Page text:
Opening your bubble, finding safe spaces: How people are 'reaffirming' friendships during the coronavirus pandemic

In times of social distancing, people have managed to adapt and find creative ways to stay connected to loved ones through technology. Virtual celebrations, regularly scheduled Zoom calls, and overly-active group chats have been the glue keeping us close during a time when we’ve been more physically apart than ever.

Jeffrey Hall, a friendship and technology expert who is a professor of communication studies at the University of Kansas, tells Yahoo Life how coronavirus pandemic has affected the ways in which we use technology to foster friendships and how this change may affect the future of friendships as the country continues to reopen.

Prior to the pandemic, Hall says face-to-face interactions, which are “comfortable” and “casual,” were roughly two-thirds of all of our interactions. With stay-at-home orders in place, Hall noticed a “fundamental reshuffling” of how people communicated, as the majority of our interactions at work, school and within our communities disappeared.

According to Hall’s forthcoming study on preferred communication modes during the coronavirus crisis, the technology people are using to stay connected during the height of the pandemic changed dramatically.

Hall warns that we should be careful when choosing the ways in which we keep in touch with people because some forms of technology may harm us more than they help us. For example, he found video chats to be the most “energy-intensive” compared to other modes of communication, forcing us to sustain an incredible amount of focus on them compared to phone calls or texting. This intensity leaves us with a “lagging sense of loneliness” afterward.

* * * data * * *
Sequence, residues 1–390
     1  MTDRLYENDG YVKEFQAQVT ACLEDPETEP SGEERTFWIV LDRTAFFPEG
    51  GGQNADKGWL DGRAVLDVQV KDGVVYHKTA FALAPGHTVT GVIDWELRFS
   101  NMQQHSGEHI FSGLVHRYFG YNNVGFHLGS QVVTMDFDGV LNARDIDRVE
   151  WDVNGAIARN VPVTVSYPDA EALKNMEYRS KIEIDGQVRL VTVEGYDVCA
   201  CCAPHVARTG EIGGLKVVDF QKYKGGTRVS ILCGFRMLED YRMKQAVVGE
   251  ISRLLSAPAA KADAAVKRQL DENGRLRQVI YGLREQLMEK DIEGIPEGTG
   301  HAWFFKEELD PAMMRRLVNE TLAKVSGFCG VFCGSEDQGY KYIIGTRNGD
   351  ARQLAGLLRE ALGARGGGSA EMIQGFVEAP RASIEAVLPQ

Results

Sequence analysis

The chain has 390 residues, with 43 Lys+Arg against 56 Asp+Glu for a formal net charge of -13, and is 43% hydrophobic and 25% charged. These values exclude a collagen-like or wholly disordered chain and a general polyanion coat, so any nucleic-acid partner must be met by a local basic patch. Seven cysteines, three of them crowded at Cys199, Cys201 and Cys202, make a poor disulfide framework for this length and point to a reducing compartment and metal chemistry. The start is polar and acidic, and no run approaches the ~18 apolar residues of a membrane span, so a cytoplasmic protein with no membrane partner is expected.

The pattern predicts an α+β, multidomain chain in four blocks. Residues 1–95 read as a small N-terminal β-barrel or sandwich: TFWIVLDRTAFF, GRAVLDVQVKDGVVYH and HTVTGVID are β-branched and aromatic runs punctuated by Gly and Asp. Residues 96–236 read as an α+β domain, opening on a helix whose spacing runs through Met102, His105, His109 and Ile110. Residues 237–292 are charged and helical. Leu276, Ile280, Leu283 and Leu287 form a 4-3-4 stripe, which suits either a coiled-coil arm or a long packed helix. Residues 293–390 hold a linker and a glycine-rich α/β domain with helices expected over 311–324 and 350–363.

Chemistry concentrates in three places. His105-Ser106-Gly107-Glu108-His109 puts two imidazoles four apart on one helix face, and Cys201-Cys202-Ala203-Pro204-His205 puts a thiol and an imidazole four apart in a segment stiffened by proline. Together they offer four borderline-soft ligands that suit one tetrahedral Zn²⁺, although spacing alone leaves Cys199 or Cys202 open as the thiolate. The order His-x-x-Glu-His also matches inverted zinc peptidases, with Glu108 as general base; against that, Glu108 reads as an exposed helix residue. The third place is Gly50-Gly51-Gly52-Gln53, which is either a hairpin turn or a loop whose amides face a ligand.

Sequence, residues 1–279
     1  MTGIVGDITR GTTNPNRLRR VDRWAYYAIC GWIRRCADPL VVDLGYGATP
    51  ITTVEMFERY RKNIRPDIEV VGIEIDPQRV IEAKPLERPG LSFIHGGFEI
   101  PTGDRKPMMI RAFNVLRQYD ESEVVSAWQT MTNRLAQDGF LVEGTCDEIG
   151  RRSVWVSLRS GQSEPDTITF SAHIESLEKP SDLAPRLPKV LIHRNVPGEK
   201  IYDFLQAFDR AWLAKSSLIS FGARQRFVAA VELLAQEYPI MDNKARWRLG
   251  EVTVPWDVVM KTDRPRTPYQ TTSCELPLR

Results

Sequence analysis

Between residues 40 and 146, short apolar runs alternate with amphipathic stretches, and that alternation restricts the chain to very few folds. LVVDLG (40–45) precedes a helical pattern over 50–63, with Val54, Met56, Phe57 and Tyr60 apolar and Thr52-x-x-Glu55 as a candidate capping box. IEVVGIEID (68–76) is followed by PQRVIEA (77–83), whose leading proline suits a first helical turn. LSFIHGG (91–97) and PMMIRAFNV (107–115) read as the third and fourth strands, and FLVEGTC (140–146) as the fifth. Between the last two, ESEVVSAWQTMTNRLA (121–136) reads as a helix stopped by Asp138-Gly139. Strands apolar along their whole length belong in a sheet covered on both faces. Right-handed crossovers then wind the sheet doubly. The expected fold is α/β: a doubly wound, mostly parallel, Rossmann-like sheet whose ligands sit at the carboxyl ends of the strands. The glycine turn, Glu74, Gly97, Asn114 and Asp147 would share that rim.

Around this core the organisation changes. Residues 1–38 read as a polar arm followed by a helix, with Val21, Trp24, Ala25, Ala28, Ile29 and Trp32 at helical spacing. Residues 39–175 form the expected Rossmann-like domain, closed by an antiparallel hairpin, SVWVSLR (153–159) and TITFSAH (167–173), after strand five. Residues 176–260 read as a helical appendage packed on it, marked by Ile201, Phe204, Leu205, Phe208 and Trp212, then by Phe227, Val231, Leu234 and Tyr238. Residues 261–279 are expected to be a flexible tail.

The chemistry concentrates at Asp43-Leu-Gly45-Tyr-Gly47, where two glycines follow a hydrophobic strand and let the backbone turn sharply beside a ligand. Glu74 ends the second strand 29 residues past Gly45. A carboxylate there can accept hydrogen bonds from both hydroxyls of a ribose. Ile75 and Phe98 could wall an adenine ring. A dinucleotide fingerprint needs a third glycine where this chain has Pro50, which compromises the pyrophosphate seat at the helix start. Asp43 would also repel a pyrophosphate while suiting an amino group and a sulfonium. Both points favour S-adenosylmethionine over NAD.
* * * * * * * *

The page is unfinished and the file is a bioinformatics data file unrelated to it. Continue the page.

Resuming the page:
While continuing to find normalcy, Hall says people will eventually and cautiously open “our bubble” to a wider network. But how will the technology that we have been so heavily dependent on intersect with our lives as the pandemic persists? What will getting together with friends look like, and how do we choose who to reunite with?

“What we're looking at as this crisis unfolds is people reaffirming their friendship,” Hall says, by carefully choosing who we are willing to reunite with despite the given risk, and who we can continue to call, text and video chat with.

Hall also believes that without crowded places to congregate, such as concerts and bars, friendships will become a much more intimate and private affair that takes place in “safe spaces.” This may suggest a more meaningful way of spending quality time with friends.

In order to maximize our technology usage to sustain relationships, Hall stresses the importance of routine and intentional communication. While this is a practice that many have been forced into during the pandemic, it begs the question of whether these routines will be maintained once more regular face-to-face opportunities return.

Hall encourages that we keep these communication routines in place, reminding us that “keeping in touch with friends is a critically important thing for your own health and happiness.”

Video produced by Jenny Miller

For the latest coronavirus news and updates, follow along at According to experts, people over 60 and those who are immunocompromised continue to be the most at risk. If you have questions, please reference the CDC’s and WHO’s resource guides.

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